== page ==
Learn to Crawl Before You Can Walk 

Is prompt engineering the first of a new class of jobs born directly from AI innovation? It sure feels that way. It’s indisputable that writing good prompts is a skill that delivers a lot of value to companies looking to leverage LLMs and integrate them into their products. To paraphrase Sam Altman, prompt engineering is like programming with natural language. Companies like Scale AI and Anthropic AI have started looking for people to focus their efforts on hacking with prompts to improve the efficacy of their proprietary models. 

However, prompt engineering as a discipline has only been around for a few years. We’re so early in the Generative AI trajectory that it’s hard to predict what prompt engineering may look like in the near future. Prompt engineering in its current state is very much an art not a science, but that could very well be subject to change. To get the most out of these models, it is important to prompt deliberately and explicitly. Much like how typing a single word into a search engine like Google is going to generate a lot of “noisy” search results, being vague with an LLM prompt is likely to result in similarly vague outputs.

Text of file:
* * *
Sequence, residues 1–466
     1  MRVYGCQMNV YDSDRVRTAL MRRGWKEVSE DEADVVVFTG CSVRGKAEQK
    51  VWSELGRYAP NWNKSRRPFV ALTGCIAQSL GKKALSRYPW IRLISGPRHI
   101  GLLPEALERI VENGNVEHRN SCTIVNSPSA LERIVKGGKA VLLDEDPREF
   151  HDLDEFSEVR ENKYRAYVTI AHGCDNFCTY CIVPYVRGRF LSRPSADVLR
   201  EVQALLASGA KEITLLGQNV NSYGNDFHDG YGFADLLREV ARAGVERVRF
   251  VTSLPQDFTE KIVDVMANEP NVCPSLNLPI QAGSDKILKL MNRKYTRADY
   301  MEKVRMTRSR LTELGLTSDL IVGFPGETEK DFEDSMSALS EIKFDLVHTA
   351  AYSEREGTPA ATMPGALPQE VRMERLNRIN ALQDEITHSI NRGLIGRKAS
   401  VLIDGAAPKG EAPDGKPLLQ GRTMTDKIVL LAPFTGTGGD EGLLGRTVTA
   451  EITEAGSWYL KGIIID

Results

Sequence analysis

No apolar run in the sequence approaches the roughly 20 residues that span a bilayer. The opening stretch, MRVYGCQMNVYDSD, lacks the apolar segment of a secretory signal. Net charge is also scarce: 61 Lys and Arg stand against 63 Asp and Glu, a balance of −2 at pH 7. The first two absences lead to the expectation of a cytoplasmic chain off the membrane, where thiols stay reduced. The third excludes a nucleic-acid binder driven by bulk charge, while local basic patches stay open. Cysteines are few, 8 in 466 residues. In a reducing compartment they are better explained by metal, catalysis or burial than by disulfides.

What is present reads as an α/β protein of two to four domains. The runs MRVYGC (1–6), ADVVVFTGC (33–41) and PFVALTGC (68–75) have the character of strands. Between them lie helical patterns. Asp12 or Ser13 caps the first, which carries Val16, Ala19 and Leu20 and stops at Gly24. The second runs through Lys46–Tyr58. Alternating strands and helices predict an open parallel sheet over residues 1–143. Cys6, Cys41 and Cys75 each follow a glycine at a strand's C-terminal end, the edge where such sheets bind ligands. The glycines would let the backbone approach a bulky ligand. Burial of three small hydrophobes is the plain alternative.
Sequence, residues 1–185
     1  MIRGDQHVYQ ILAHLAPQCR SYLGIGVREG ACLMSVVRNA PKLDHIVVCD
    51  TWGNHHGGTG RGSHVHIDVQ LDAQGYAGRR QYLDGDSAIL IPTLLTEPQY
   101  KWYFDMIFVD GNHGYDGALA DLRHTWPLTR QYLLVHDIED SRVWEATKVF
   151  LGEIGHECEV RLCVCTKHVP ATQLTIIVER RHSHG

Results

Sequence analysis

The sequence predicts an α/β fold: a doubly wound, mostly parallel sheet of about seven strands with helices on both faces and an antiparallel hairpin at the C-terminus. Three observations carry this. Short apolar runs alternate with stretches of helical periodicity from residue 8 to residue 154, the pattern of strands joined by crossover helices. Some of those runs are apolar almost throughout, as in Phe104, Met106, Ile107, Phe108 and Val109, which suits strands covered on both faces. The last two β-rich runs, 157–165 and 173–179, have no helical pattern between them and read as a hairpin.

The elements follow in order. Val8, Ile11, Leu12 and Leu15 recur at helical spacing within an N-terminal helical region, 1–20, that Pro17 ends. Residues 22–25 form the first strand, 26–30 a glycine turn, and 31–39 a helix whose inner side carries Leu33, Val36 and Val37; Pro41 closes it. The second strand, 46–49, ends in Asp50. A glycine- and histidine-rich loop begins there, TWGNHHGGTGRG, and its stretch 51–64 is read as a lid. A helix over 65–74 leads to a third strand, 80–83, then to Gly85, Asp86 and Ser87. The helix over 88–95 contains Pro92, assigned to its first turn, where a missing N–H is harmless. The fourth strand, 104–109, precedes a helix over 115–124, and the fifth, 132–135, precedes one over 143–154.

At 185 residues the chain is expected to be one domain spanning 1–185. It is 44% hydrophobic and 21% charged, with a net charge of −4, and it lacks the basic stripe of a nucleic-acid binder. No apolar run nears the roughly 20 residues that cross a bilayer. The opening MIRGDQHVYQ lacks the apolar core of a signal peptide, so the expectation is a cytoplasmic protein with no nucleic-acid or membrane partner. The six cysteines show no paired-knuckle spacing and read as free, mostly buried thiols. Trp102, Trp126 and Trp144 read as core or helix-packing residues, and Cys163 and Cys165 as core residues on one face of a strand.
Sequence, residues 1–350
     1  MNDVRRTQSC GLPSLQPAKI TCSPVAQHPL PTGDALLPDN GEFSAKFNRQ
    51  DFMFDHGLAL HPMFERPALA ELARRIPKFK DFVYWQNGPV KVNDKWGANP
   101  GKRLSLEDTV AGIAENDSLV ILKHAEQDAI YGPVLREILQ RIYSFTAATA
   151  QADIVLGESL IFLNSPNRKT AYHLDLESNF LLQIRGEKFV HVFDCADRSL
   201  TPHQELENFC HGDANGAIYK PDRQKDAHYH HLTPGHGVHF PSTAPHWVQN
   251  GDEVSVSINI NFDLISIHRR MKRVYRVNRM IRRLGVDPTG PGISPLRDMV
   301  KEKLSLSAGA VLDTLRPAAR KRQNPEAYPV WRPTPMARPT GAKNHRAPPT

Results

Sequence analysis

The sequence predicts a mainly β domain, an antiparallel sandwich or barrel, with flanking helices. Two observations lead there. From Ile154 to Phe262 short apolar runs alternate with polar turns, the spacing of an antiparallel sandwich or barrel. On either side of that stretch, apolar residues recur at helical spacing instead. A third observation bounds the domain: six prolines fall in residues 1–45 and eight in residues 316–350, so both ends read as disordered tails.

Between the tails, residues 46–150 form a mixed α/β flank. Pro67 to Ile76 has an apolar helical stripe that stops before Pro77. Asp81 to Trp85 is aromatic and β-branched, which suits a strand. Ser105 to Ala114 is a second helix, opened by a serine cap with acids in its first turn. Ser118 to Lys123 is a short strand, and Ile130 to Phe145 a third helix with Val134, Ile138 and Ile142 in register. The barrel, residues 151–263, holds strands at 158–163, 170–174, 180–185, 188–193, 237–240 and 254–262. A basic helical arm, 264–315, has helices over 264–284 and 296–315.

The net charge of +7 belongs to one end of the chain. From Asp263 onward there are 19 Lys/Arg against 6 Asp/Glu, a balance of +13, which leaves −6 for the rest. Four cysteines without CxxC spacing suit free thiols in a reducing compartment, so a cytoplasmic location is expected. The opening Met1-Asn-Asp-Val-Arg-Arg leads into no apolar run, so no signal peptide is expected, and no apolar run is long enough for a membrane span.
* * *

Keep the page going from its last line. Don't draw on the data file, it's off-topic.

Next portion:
Models will continue to evolve and adapt to more complexity and constraints. Just as machine learning techniques like hyperparameter tuning and cross validation became more abstracted, it's possible that a lot of the work that goes into prompt engineering may experience a similar reduction. Researchers are currently working on techniques for auto-prompting by automatically selecting an optimal prompt for the task at hand. For all we know, the duties of a prompt engineer could be absorbed by the conventional machine learning engineer. 

Will AI Eat My Job?

The emergence of the prompt engineering discipline pulls on a speculative, albeit anxious, thread of thought for many people. How is AI innovation going to affect our jobs? A recent paper from Eloundou et al. found that “[...] approximately 80% of the U.S. workforce could have at least 10% of their work tasks affected by the introduction of [generative pre-trained transformer models], while around 19% of workers may see at least 50% of their tasks impacted.”